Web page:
Materials and methods

Families and probands

In this study, 78 pregnancies (58 families) in which the probands diagnosed with PA were referred to our center seeking prenatal diagnosis from April 2008 to December 2019. The probands were diagnosed based on clinical symptoms, biochemical results and genetic testing of the PCCA or PCCB genes. Biochemical results included elevated blood levels of propionylcarnitine (C3) and propionylcarnitine to acetylcarnitine ratio (C3/C2) and elevated urine levels of 3-hydroxypropionic acid (3HPA) and 2-methylcitric acid (2MCA). The mutation spectrum of the PCCA and PCCB genes in this study is shown in Tables 1 and 2 and Table S2 [16,17,18,19,20,21,22,23]. Written informed consent was obtained from all participants, and our study was approved by the Ethics Committee of Xinhua Hospital.

Table 1 The prenatal results of genetic tests and biochemical analysis in the amniotic fluid samples of 13 affected fetuses
Table 2 Prenatal results of biochemical analysis in the amniotic fluid samples of 7 unaffected fetuses with one elevated metabolite levels

Amniocyte samples

Thirty milliliters of AF were obtained from each pregnant woman by amniocentesis performed between 16 and 20 weeks of gestation. Ten mL was used for DNA extraction and the remaining supernatant from this aliquot was used for the metabolite analysis. Twenty mL of AF was cultured for karyotype analysis, with the cultured amniocytes also available as a back-up.

Metabolite analysis of amniotic fluid

The levels of C3, C2 and C3/C2 were measured by MS/MS (Applied Biosystems, API 2000) using 3 μL of AF supernatant and the levels automatically calculated based on the assigned values for internal standards using ChemoView v1.2 software [24]. The organic acids levels in 2 mL of uncultured AF supernatant samples were measured using GC-MS (QP2010, Shimadzu Limited, Kyoto, Japan) as described by Hasegawa et al. [25].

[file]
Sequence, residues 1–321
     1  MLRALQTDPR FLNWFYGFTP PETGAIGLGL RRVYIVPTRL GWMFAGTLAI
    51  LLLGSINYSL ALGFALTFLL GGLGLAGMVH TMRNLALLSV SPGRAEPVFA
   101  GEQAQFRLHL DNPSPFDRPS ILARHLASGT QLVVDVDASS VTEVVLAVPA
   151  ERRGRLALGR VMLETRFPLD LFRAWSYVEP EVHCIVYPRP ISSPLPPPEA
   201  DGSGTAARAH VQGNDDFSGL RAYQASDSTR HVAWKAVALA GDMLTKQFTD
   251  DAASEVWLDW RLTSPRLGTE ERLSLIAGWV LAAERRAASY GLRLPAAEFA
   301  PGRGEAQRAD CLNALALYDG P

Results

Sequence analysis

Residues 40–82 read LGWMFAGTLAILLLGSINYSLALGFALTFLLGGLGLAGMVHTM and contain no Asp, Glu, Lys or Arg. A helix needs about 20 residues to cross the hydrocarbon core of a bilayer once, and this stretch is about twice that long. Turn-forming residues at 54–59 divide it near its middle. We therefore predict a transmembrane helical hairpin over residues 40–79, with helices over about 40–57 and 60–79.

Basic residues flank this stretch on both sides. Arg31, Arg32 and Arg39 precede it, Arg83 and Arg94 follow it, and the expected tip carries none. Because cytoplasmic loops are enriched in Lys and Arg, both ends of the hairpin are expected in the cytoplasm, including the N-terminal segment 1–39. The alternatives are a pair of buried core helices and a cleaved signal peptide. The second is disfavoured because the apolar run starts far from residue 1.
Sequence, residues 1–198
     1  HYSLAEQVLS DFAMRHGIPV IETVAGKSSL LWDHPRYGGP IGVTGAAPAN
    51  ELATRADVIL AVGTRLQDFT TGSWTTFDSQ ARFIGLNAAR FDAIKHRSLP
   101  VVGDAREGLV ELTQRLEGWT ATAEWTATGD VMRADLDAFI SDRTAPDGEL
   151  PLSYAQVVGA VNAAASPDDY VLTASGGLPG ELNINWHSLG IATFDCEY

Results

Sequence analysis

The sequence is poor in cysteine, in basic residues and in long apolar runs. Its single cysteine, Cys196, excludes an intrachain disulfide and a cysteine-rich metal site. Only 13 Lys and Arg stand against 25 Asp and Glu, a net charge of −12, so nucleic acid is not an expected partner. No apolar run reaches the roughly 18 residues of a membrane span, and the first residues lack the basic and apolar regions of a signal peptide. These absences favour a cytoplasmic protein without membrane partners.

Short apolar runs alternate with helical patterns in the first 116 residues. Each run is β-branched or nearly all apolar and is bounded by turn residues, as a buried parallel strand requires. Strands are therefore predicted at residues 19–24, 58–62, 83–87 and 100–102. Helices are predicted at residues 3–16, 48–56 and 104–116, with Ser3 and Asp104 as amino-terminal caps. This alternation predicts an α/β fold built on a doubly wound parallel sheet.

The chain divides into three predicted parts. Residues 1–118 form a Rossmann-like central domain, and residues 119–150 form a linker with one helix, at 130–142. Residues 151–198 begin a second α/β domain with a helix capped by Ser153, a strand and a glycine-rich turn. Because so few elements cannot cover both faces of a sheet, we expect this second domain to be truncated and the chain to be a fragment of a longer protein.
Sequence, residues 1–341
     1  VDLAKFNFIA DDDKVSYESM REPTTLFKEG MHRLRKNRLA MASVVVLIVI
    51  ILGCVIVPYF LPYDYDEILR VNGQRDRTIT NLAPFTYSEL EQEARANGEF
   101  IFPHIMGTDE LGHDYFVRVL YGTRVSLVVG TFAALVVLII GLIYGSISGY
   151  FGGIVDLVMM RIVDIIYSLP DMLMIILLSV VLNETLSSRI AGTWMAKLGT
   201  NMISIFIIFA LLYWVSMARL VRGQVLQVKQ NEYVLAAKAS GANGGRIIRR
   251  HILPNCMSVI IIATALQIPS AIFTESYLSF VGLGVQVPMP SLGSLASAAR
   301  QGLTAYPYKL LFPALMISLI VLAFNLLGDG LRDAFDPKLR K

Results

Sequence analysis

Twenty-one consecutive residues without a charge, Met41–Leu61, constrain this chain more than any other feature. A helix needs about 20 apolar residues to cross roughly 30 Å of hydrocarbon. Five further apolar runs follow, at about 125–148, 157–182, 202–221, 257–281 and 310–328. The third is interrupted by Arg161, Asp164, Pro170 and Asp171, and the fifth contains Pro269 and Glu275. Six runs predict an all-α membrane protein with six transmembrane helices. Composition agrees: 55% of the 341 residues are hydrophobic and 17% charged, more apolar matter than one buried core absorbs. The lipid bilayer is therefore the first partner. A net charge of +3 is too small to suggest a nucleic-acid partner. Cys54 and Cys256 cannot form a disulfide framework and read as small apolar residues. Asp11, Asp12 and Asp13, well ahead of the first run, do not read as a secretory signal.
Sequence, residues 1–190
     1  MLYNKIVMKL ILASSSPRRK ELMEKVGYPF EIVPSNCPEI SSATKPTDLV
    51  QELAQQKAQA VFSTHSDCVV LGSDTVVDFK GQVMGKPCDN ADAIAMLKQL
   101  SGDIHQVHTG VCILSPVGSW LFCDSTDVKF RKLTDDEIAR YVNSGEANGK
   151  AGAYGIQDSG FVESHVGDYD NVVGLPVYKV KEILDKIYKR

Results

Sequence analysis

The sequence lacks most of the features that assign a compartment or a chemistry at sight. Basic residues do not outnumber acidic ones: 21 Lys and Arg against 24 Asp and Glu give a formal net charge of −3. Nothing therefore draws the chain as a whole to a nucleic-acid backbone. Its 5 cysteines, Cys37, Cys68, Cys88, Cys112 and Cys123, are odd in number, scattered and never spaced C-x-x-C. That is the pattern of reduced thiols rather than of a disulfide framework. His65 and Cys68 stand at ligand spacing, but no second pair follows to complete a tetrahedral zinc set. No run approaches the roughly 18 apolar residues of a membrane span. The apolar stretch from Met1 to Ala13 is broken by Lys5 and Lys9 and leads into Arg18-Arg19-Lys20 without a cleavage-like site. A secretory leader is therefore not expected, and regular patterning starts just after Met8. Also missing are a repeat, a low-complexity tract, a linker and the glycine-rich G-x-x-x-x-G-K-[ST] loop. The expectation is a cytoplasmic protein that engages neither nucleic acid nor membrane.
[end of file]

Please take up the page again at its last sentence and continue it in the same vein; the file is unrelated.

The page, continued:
Gene variant analysis

DNA from AF was extracted with a QIAamp DNA Blood Mini Kit (Qiagen Inc., Valencia, CA). We then conducted polymerase chain reaction (PCR) amplification and direct Sanger sequencing. Reference sequences PCCA (NM_000282.3) and PCCB (NM_000532.3) were obtained from the NCBI GENEBANK.

Linkage analysis

We collected 3–4 mL of peripheral blood from all PA pedigree members to perform a linkage analysis and to exclude maternal-cell contamination. Six short tandem repeats (STR) were selected according to informative STR loci in our laboratory, and we subsequently conducted the linkage analysis (STR and primers are listed in Table S1).

Statistical analysis

Reference ranges for the four analytes evaluated in this study were determined by a nonparametric approach, identifying the 99.5th percentiles of the cumulative levels from unaffected fetuses as the upper reference limit (C3: < 5 μmol/L; C3/C2: < 0.3; Propionic acid: < 35 mmol/mol Cr; 2MCA: < 0.5 mmol/mol Cr). Standard scatter plots were generated for level of C3, C3/C2 ratio, 2MCA and 3HPA in AFs. Wilcoxon rank sum tests with exact P values were performed to compare the C3, C3/C2 ratio, 2MCA and 3HPA level in affected and unaffected groups. P < 0.05 was considered statistically significant. Statistical analysis was performed using Prism 8 (GraphPad Software Inc.).

Results

We summarized the genetic and biochemical results of 78 prenatal samples from 58 families in our study (Table 1, Table S2), including 65 unaffected (83.33%) and 13 affected fetuses (16.67%). We found no sample with maternal contamination and uncovered no symptoms of PA upon postnatal follow-up in any of the 65 unaffected fetuses. For the 13 affected fetuses, however, the parents chose to terminate their pregnancies.

Biochemical analyses of amniotic fluid metabolites

Of 78 fetuses, 13 fetuses were determined to be affected based on metabolite tests (Table 1). The median (range) level of C3, C3/C2 ratio and 2MCA in affected samples were 11.45 μmol/L (5.07–43.69), 1.00 (0.62–2.11) and 1.19 mmol/mol Cr (0.61–4.58), respectively (Fig. 1). All of the individual levels of these three analytes in 13 fetuses was higher than that of defined reference ranges for each metabolite. However, the 3HPA levels in all affected samples, ranging from 0 to 25.18 mmol/mol Cr which were in the normal range.